Scientists Discover that Mice Changed Their Facial Expressions According to Their Emotions

Verschiedene Gesichtsausdrücke einer Maus. Darauf aufbauend wollen Forscher nun die neuronalen Grundlagen der Emotionen untersuchen.

In a new study by scientists from Germany, it was discovered that the facial expressions of mice changed according to different emotions.

Scientists from the Max Planck Neurobiology Institute in Germany have discovered that facial expressions change according to emotions such as disgust or pleasure. In the study, in which machine learning algorithms were also used, facial expressions of mice for 6 emotions were determined.

Scientists have recorded the reactions of mice to sweet and bitter foods, electric shock and fearful events such as lithium chloride injection. These records were then used in a kind of machine learning algorithm to describe facial expressions such as pleasure, disgust, nausea, pain, fear, and scare.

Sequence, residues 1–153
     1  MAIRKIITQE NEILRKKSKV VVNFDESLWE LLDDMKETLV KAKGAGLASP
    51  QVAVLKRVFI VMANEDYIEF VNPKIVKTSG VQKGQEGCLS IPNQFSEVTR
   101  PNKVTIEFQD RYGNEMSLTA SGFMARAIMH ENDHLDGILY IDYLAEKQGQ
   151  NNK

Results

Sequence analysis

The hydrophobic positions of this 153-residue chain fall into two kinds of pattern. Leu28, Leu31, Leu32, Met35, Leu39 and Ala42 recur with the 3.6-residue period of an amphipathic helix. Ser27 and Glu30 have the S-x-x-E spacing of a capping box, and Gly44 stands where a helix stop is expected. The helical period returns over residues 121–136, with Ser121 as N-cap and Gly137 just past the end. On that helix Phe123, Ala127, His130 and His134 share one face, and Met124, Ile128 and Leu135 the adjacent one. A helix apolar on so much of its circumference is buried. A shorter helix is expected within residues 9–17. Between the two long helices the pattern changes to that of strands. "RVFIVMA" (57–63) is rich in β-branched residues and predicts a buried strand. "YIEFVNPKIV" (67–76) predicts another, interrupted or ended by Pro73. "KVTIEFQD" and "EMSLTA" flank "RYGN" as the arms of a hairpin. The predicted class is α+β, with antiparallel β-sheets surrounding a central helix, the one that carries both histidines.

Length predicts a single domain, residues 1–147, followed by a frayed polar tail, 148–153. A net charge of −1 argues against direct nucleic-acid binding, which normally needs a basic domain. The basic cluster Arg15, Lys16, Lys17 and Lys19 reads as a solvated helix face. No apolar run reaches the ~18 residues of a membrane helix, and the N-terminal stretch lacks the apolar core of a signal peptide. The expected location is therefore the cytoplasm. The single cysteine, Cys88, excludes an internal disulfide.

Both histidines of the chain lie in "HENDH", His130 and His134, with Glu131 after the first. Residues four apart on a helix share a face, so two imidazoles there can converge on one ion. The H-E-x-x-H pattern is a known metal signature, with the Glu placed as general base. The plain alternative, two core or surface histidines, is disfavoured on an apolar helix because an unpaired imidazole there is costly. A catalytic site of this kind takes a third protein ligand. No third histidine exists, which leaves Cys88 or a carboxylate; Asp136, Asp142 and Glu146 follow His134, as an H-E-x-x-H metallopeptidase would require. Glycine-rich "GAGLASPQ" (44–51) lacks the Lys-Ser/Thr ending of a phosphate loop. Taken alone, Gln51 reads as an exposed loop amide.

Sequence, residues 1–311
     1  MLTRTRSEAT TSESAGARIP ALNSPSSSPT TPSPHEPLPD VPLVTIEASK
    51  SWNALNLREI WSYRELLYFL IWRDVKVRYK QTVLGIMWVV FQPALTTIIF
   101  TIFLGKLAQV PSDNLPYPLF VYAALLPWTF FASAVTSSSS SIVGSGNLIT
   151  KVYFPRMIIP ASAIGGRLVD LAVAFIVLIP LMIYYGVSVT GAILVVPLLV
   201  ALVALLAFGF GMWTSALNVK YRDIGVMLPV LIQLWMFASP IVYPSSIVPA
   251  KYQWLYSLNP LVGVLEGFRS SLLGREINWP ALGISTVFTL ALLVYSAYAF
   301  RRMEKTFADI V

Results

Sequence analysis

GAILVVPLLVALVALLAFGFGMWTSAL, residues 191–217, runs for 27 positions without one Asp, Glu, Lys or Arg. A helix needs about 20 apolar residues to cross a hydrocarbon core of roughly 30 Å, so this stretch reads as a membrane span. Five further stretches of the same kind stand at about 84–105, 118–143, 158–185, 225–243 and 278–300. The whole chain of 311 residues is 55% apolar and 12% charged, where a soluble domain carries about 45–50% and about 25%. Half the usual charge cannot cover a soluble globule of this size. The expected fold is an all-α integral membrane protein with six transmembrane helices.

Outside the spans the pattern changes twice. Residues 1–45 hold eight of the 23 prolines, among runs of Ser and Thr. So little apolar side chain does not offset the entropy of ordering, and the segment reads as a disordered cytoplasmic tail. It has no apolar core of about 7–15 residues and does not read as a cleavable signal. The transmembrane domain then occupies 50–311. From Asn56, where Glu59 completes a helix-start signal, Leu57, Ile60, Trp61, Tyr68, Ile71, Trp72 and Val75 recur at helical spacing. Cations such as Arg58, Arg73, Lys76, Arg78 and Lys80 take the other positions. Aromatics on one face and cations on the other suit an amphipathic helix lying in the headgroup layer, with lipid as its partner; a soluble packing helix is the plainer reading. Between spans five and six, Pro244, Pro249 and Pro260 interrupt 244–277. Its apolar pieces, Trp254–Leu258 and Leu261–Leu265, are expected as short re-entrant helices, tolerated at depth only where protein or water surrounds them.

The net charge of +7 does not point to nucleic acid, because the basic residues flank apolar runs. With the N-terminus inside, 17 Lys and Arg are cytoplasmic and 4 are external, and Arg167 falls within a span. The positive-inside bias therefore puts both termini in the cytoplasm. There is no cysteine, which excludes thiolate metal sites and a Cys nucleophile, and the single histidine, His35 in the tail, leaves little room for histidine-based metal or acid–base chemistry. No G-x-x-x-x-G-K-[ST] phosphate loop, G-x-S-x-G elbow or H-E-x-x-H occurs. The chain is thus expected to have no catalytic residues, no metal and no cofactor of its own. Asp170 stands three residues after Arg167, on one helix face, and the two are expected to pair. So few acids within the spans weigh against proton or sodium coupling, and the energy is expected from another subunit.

After the facial expressions of the mice were determined, neuronal activities of different regions of the brain were examined using brain imaging methods to learn how these facial expressions correspond to the brain. In this way, the researchers found that the different emotions of the mice were reflected in their facial expressions by activating the brain areas known to play a role in emotional processes.

Scientists have seen that mice show a satisfied facial expression when a dilute saline solution is applied, and a disgusting facial expression when they give a more intense saline solution. The mice given a solution of sugar showed a much more cheerful facial expression than other mice.

Changes in facial expressions of mice according to different emotions
The leader of the study of discovering facial expressions of mice, Dr. Nadine Gogolla noted that by recording the facial expressions of mice, the basic neuronal mechanisms behind the emotions of mice can be revealed. Gogolla said that determining the basic neuronal mechanisms of mouse brains can also benefit studies of human diseases.

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Researchers think that the revealing of brain models of mice may be the basis for studies on whether human emotions cause any mental health disorders or diseases such as anxiety, depression.



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